It boosts employee retention. When your employees feel empowered, they are more likely to stay with your company. A LinkedIn study found that there is a 47% chance of employers holding on to employees who feel they have influence in the workplace for longer than three years. Companies viewed as less empowering only have a 35% chance of employees sticking with them for longer than three years. High employee turnover often looks bad to customers, especially ones who speak to your customer service team often and have built relationships with them.
Did You Know? Empowerment of your customer service team can result in a number of benefits, including higher customer satisfaction and employee retention.
How to empower your customer service team
There are several things you can do to empower your customer service team, some of which only cost you your time. Here are a few tips to get started.
1. Provide the right tools.
Not having the right tools can make doing business difficult for anyone. There are many customer service tools that can make service reps' lives easier:
- Phone systems
- Internal chat platforms so that reps can get fast response from co-workers while they are on the phone with customers
- Help desk software (such as ticketing systems) to serve as a resource for customer questions and to troubleshoot problems in a timely fashion
- Automation tools to streamline tasks
- CRM systems to store client contact information and important notes about support requests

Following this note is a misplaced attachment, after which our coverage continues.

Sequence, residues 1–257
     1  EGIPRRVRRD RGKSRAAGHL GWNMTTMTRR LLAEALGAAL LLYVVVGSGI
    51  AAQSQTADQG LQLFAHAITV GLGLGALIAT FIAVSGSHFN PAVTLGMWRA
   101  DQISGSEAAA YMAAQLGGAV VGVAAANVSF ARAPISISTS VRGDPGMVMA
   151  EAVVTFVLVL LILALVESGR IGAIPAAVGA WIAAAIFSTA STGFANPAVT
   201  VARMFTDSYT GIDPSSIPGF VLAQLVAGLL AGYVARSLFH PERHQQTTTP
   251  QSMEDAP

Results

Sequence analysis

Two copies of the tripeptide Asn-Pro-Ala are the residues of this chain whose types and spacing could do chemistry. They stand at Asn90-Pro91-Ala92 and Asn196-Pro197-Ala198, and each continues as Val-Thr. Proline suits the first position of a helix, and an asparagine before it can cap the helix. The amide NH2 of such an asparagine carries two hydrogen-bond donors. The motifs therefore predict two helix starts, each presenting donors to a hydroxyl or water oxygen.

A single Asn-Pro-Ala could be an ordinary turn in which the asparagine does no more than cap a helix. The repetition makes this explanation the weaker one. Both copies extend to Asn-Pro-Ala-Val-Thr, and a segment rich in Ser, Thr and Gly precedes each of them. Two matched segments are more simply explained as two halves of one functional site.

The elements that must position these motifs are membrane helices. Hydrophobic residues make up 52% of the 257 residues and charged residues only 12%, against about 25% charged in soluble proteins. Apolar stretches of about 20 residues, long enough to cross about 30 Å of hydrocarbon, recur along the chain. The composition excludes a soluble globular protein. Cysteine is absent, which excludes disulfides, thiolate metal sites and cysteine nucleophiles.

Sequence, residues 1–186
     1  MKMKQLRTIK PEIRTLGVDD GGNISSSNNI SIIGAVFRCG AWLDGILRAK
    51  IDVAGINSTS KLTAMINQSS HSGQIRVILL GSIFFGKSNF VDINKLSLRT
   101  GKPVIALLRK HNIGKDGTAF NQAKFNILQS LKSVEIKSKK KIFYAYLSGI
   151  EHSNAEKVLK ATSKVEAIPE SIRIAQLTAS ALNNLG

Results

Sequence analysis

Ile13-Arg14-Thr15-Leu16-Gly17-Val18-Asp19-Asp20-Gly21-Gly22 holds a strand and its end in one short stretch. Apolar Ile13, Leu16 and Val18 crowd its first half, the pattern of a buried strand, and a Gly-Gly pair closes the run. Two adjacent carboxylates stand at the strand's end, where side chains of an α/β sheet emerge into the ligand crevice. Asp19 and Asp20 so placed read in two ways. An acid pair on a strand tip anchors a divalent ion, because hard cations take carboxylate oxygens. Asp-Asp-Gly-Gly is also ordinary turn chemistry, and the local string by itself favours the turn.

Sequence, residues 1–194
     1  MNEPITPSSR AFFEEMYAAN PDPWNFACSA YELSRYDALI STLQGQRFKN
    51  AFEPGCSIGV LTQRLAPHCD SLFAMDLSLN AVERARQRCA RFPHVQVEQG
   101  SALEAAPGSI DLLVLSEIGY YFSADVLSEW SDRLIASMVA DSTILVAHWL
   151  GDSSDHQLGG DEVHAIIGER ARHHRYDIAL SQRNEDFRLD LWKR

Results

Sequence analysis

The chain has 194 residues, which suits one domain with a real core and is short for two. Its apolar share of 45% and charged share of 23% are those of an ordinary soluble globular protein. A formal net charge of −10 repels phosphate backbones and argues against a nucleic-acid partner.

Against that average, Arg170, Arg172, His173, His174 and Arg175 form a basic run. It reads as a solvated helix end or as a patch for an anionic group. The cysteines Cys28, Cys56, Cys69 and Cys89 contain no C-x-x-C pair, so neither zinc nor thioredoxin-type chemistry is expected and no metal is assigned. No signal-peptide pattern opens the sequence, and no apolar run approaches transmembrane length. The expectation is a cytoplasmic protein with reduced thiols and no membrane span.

- Webcams so reps can have personalized calls with customers through video support
- Survey tools to track how customers rate their service
2. Provide proper training.
As your products, services, and policies evolve, it will be important to keep your customer service reps up to date on all the changes. While your customer service team does not need to know the ins and outs of all your products and services like your sales and marketing teams should, they do need to be trained enough that they can assist customers accordingly and know how to solve both common and unique problems without always asking for help.
3. Offer professional development.
Some industries require employees to take ongoing professional development courses. Even if your industry is not one of them, offer employees the option to take professional development classes paid for by your company.
There are several training programs specifically for customer service reps, many of which are free or cost less than $100 each. Consider these resources:
Udemy. Udemy's customer service training courses include topics such as how to delight every customer, dealing with difficult customers, how to increase sales with excellent customer service, and hundreds of others. Each of these courses is currently on sale for $19.99 or less.
Alison. This company's free customer service training course teaches participants how to improve their customer service skills, with insights into the tricks and techniques involved.
- LiveChat. This customer service training course is also free. Some skills that participants can expect to learn are how to retain happy customers, techniques to stay positive, and how to best handle customer service complaints.
4. Provide support.
To support your customer service team, you must listen carefully to them. When talking through problems with them, don't interrupt them or think about how you are going to respond before they are done talking. To ensure you are on the same page, try rephrasing their message in your own words and asking if you understand the issue correctly.
You should also show appreciation. Let them know when they are performing well. Thank-you emails or even a handwritten note when an employee handles a difficult issue particularly well could go a long way. If you don't already have an employee appreciation program in place, you may want to consider starting one. Such programs are structured to ensure employees are being recognized for their hard work.